Go home, Frank C Barnes. You're drunk!
One of my favorite books to kill a few minutes with is the great work by (the late) Frank C. Barnes: Cartridges Of The World. Barnes started the project in the mid-century, and periodically updated it with new editions. I finally threw away my old and yellowed worn-out 2nd Edition copy without a cover, which was missing pages. That old copy referenced .25-06 and .35 Whelen as "wildcats," and which didn't have 10 mm, .40 S&W, or .357 Sig in it. It talked about how the .257 Roberts was being pushed out by the "new 6mms," and talked about how the .45-70 was almost 100 years old!!
Barnes passed away in the early '90s, and Richard A. Mann picked up the task of updating the mandatory reference manual; it is in its 13th Edition now. He left in some of Barnes' original descriptions about different cartridges, and put in his own. By and large, he's done a pretty good job, of a pretty good job that Barnes had done. Keep doing a pretty good job for long enough, over a field as broad as this, and you end up with a real work of value. While everyone reads the historical notes and general descriptions of the cartridges, there is also a very valuable specifications section at the back, which gives gross measurements of each cartridge. Most of the rounds have descriptive loads in each section, but I will caution you NOT to use those for hand loading reference. But if you're a shooter, or a collector, or any kind of aficionado of firearms, this is a necessary household reference book.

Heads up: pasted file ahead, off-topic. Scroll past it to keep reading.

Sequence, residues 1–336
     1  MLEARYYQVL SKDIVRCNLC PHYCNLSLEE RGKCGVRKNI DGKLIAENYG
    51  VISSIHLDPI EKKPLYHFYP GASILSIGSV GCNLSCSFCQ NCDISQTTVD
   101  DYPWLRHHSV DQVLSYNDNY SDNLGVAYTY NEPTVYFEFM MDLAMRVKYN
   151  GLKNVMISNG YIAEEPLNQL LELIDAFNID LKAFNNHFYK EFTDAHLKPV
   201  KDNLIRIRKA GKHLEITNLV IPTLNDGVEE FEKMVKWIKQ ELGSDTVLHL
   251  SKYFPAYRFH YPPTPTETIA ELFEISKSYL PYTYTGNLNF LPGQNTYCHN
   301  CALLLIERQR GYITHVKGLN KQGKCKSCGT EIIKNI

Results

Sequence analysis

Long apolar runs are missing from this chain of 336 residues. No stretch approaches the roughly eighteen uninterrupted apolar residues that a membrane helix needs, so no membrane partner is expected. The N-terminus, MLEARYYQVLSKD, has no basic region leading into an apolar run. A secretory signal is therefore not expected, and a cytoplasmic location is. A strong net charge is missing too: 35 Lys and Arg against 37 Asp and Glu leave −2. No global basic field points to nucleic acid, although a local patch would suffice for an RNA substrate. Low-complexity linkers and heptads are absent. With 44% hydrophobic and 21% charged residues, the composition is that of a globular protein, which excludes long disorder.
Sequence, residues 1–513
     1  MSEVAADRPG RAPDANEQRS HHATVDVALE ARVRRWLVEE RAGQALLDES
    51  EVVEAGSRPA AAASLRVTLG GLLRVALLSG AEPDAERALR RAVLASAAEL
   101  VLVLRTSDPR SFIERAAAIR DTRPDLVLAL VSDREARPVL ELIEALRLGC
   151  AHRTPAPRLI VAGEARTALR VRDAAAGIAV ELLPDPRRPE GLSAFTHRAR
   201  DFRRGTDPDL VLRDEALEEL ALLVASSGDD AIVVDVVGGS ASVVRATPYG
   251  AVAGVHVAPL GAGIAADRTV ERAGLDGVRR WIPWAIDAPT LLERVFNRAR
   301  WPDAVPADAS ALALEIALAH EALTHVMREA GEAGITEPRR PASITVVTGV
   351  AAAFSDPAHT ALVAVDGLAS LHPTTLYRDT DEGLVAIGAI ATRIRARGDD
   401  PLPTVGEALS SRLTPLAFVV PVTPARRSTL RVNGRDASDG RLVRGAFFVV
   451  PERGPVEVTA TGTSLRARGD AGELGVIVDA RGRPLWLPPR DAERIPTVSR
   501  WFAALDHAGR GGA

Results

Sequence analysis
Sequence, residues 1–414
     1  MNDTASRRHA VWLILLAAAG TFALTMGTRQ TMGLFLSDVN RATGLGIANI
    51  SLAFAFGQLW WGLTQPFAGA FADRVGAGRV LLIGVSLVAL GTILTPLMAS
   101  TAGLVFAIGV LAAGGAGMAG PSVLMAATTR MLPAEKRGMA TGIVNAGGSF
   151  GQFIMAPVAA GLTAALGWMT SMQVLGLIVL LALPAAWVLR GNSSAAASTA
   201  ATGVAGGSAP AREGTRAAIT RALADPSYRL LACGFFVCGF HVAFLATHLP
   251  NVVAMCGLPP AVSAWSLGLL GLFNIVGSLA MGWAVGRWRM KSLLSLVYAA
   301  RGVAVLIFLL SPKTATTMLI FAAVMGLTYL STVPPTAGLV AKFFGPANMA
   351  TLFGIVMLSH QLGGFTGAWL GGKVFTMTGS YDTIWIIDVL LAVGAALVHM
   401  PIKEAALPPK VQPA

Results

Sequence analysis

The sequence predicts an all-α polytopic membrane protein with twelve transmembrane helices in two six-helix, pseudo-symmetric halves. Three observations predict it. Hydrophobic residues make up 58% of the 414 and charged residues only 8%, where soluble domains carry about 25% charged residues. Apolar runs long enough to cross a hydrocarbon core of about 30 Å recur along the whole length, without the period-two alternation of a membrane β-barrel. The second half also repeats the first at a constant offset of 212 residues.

At any rate, this morning while awaiting my coffee to perk, I let the book fall open where it may, and noticed something odd, for the first time, about the illustration for the classic old black powder cartridge, the .38-40 WCF:
|This most certainly is NOT the .38-40 WCF. Perhaps it's the .38-40 WTF?|
Hey, accidents happen.